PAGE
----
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Take to the fields, and someday you'll learn that our countryside is the best, and our women the most beautiful. The boy could see in his father's gaze a desire to be able, himself, to travel the world — a desire that was still alive, despite his father's having had to bury it, over dozens of years, under the burden of struggling for water to drink, food to eat, and the same place to sleep every night of his life.

The horizon was tinged with red, and suddenly the sun appeared. The boy thought back to that conversation with his father, and felt happy; he had already seen many castles and met many women but none the equal of the one who awaited him several days hence.

He owned a jacket, a book that he could trade for another, and a flock of sheep. But, most important, he was able every day to live out his dream.

If he were to tire of the Andalusian fields, he could sell his sheep and go to sea. By the time he had had enough of the sea, he would already have known other cities, other women, and other chances to be happy.

I couldn't have found God in the seminary, he thought, as he looked at the sunrise. Whenever he could, he sought out a new road to travel.

He had never been to that ruined church before, in spite of having traveled through those parts many times. The world was huge and inexhaustible; he had only to allow his sheep to set the route for a while, and he would discover other interesting things.

The problem is that they don't even realize that they're walking a new road every day. They don't see that the fields are new and the seasons change.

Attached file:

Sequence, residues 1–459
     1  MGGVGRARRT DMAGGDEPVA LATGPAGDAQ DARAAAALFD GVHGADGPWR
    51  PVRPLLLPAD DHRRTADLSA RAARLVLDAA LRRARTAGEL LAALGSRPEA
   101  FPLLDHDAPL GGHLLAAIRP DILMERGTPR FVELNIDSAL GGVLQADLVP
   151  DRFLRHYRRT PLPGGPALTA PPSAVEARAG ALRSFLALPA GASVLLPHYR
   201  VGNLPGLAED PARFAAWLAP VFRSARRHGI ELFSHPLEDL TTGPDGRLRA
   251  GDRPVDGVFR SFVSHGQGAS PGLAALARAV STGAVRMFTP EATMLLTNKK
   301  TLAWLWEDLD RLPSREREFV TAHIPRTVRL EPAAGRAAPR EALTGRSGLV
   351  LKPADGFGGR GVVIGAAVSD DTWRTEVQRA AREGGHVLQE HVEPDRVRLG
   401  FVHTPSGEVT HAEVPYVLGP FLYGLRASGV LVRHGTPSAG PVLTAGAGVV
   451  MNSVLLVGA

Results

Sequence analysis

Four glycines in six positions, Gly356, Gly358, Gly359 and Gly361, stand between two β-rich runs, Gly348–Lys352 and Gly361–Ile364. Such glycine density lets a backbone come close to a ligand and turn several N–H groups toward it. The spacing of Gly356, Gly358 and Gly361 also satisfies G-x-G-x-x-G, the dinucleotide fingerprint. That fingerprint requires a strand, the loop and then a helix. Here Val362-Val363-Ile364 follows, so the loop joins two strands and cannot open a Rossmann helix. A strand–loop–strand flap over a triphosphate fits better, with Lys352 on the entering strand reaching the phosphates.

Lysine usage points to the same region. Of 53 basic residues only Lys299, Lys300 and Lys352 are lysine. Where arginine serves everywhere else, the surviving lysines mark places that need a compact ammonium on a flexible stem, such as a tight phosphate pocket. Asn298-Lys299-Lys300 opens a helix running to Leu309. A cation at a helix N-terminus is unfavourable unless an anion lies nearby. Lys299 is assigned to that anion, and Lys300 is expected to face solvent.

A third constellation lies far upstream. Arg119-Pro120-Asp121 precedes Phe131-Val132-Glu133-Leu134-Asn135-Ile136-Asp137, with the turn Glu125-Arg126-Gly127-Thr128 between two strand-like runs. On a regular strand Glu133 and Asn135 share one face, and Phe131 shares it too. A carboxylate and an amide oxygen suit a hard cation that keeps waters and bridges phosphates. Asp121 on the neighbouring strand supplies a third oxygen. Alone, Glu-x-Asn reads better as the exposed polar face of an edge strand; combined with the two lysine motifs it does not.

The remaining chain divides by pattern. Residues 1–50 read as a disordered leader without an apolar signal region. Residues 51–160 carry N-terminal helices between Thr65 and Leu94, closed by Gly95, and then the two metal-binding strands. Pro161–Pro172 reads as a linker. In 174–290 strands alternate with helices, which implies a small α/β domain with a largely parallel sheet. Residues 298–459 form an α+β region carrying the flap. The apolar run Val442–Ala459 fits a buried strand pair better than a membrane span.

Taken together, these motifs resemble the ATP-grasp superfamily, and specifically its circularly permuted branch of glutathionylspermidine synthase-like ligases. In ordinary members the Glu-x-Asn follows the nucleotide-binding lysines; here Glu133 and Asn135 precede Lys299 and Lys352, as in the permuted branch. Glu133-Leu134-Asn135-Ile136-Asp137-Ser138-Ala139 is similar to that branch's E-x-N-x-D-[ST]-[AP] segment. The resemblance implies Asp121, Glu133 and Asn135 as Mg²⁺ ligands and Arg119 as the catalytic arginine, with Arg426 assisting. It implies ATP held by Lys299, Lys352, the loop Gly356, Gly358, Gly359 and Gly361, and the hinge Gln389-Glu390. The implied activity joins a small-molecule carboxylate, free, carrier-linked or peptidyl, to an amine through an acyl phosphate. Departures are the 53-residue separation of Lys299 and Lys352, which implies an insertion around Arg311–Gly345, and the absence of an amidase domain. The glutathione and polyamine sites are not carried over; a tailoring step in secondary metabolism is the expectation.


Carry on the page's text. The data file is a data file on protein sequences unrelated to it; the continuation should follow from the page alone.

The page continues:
All they think about is food and water. Maybe we're all that way, the boy mused. Even me — I haven't thought of other women since I met the merchant's daughter.

Looking at the sun, he calculated that he would reach Tarifa before midday. There, he could exchange his book for a thicker one, fill his wine bottle, shave, and have a haircut; he had to prepare himself for his meeting with the girl, and he didn't want to think about the possibility that some other shepherd, with a larger flock of sheep, had arrived there before him and asked for her hand.

It's the possibility of having a dream come true that makes life interesting, he thought, as he looked again at the position of the sun, and hurried his pace.

He had suddenly remembered that, in Tarifa, there was an old woman who interpreted dreams. The old woman led the boy to a room at the back of her house; it was separated from her living room by a curtain of colored beads.

The room's furnishings consisted of a table, an image of the Sacred Heart of Jesus, and two chairs.

The woman sat down, and told him to be seated as well. Then she took both of his hands in hers, and began quietly to pray.

It sounded like a Gypsy prayer. The boy had already had experience on the road with Gypsies; they also traveled, but they had no flocks of sheep.

People said that Gypsies spent their lives tricking others. It was also said that they had a pact with the devil, and that they kidnapped children and, taking them away to their mysterious camps, made them their slaves.

As a child, the boy had always been frightened to death that he would be captured by Gypsies, and this childhood fear returned when the old woman took his hands in hers.

But she has the Sacred Heart of Jesus there, he thought, trying to reassure himself. He didn't want his hand to begin trembling, showing the old woman that he was fearful.

He recited an Our Father silently. The boy was becoming nervous. His hands began to tremble, and the woman sensed it. He quickly pulled his hands away.

He thought for a moment that it would be better to pay her fee and leave without learning a thing, that he was giving too much importance to his recurrent dream.